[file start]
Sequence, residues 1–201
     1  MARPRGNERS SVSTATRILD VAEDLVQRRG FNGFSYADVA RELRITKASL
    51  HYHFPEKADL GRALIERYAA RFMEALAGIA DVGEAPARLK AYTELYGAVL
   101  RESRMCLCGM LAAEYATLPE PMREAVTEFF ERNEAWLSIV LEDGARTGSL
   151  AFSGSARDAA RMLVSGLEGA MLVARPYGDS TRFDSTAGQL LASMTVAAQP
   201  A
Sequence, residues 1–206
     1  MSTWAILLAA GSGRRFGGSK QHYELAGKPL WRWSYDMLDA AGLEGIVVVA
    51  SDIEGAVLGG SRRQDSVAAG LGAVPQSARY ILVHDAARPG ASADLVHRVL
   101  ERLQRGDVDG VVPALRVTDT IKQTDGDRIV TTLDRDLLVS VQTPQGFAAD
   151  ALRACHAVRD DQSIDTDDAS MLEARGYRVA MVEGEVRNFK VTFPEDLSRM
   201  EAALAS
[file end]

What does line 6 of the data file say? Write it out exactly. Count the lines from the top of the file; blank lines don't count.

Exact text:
   201  A